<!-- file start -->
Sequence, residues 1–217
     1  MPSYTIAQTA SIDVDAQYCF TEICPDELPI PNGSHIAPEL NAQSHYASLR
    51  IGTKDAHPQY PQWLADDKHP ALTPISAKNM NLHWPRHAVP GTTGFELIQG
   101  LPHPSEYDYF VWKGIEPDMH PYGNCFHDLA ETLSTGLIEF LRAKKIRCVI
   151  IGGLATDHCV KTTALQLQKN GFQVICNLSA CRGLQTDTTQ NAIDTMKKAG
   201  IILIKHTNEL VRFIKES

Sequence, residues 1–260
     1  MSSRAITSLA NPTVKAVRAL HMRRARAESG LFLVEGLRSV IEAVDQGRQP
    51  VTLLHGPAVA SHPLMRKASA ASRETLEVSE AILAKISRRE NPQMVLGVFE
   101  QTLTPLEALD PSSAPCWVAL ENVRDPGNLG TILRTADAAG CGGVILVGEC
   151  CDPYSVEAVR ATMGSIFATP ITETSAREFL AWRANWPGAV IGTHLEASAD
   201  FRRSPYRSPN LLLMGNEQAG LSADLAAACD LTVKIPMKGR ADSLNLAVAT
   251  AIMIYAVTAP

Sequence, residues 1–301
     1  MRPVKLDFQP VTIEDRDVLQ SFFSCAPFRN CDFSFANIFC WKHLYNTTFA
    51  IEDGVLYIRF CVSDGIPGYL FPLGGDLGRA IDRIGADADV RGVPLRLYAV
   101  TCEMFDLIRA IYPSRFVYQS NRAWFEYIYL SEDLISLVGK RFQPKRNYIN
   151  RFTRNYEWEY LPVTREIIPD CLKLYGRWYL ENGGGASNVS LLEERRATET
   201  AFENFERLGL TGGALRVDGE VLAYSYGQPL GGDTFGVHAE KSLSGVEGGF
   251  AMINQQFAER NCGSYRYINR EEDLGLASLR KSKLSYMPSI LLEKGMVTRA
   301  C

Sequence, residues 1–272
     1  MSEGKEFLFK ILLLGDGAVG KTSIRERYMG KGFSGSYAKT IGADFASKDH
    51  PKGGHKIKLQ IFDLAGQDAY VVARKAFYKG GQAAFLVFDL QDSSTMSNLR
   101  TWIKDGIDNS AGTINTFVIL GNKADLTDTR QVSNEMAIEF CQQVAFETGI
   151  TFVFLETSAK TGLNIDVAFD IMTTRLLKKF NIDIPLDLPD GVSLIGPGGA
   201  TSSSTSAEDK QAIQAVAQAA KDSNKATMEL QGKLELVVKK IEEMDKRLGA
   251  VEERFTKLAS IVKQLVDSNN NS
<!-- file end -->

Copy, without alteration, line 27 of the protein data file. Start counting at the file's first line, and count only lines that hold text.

   201  TSSSTSAEDK QAIQAVAQAA KDSNKATMEL QGKLELVVKK IEEMDKRLGA